The involvement of children and students in educational paths is a useful method to transmit scientific knowledge and awareness about today's great environmental problems. In addition, through the young generation it is simple to reach their families and with them different types of stakeholders. The decennial science outreach experience of the researchers involved in the activities highlighted in this paper was characterized by a growing use of images and the use of games as educational tools to raise students' awareness on scientific issues. Researchers noted, in involved students, an appreciation of the use of this kind of approach as an educational tool. This also emerges from the results of the questionnaire reported in the last paragraph, which shows that students show more interest in educational and playful activities and information transmitted through images than in standard frontal lectures. Moreover, the authors could observe qualitative results: such as higher interest of students in scientific matters and testimonies by teachers. Some students decided to frequent scientific degree courses after the participation in scientific laboratories. Some students decided to participate more times in our laboratories. Some families give us good feedback about the participation of the students in the laboratories.
Through games and images we can more easily pique interest in younger learners, but this also applies to all users, taking care to choose the right game and the right graphic style, depending on the target audience. For these reasons, these methodological approaches are becoming increasingly useful in the field of scientific dissemination.
Data sets are available upon request by contacting the corresponding author.
All authors contributed to the preparation of the article. In particular, the first author, ML, conceived and realized most of the scientific educational games used during the events and workshops described in the paper. She also contributed to the writing of the article, to the preparation and elaboration of the questionnaires (graphic and non graphic), and to the graphic part of the article. SM contributed to the conception and writing of the article. She also participated, together with the first author, in the experimentation phase of some of the interactive games described, proposed during events and workshops. Both the first and the second authors presented some of the activities carried out in the years 2015 to 2019 to the EGU by means of posters and PICO presentations. SG contributed both to the writing of the article and to the experimentation of many of the activities proposed through the interactive games described in the article, together with ML. FDL has taken care in particular of the graphic and artistic part of some of the interactive games proposed.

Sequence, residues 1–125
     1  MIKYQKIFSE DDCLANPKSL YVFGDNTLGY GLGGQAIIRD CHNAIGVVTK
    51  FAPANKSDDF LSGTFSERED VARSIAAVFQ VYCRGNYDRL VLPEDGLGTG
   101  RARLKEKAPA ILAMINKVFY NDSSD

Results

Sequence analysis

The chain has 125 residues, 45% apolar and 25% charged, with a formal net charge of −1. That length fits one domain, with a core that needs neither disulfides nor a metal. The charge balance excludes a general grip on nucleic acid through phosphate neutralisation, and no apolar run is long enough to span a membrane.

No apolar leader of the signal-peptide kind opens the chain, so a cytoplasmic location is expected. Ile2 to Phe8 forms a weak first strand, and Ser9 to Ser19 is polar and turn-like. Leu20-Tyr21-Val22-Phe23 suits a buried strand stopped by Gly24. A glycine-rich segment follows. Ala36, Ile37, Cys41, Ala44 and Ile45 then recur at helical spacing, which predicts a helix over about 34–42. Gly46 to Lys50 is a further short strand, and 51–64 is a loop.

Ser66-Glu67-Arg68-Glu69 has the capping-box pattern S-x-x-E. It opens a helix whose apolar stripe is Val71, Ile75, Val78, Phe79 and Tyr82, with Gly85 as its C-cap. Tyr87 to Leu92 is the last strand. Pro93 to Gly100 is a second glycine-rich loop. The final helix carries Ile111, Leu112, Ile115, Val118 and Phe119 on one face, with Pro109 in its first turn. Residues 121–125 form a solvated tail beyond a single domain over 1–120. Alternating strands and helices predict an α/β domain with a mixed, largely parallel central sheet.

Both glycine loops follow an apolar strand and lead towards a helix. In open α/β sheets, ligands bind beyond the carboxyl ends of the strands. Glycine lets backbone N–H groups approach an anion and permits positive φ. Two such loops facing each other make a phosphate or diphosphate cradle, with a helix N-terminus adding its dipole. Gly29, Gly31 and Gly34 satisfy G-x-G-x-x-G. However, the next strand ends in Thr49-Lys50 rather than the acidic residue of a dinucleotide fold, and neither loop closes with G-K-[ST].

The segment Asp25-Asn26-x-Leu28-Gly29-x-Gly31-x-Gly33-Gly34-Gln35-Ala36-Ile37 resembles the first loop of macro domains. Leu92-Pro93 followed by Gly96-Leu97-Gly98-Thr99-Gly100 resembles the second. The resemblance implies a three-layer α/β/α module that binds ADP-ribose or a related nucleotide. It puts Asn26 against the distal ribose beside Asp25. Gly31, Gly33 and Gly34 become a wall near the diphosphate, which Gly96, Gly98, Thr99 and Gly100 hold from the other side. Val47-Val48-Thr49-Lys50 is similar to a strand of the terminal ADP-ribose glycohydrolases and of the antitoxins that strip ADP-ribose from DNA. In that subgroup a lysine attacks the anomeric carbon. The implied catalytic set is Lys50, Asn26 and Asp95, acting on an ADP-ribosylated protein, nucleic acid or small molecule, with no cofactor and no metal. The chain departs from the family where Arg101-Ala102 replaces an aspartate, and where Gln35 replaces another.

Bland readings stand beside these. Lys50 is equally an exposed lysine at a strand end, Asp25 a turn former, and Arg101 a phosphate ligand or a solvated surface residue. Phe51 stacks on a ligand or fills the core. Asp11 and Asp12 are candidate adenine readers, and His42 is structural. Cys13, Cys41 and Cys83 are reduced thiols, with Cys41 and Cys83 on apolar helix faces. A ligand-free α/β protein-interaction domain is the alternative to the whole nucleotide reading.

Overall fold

The authors declare that they have no conflict of interest.
This article is part of the special issue “Five years of Earth sciences and art at the EGU (2015–2019)”. It is not associated with a conference.
The authors kindly thank the artists and researchers that collaborated in the realization of the games: Matteo Sgherri and Valentina Sgherri (Octopus game), Consuelo Zatta (INGV-memory), Daniela Riposati (Laboratorio di Grafica e ImmagineINGV, Graphic Office), Giacomo Guccinelli, Lucrezia Benvenuti, Mascha Stroobant, and Roberta Talamoni (visual questionnaire). Moreover, we especially thank the Capellini-Sauro High Schools that participated in PCTO and Paolo Stefanelli (INGV) and Claudio Lopresti (GAD – Gruppo Astronomia Digitale), who organized the PCTO activities with us. Finally, the authors thank the Historical Oceanography Society for the support in the interpretation of historical topics then explained in Mareopoli.
This paper was edited by Isaac Kerlow and reviewed by two anonymous referees.